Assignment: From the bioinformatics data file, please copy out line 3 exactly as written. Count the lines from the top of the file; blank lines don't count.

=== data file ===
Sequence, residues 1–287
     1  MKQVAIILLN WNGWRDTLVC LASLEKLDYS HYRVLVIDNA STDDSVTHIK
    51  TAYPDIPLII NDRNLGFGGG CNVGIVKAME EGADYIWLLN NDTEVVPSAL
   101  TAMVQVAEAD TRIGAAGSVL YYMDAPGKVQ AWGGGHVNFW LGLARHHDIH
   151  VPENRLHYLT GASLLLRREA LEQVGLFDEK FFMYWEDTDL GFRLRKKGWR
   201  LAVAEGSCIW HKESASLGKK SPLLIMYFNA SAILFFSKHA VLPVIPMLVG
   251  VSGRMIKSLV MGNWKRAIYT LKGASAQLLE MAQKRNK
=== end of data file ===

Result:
    51  TAYPDIPLII NDRNLGFGGG CNVGIVKAME EGADYIWLLN NDTEVVPSAL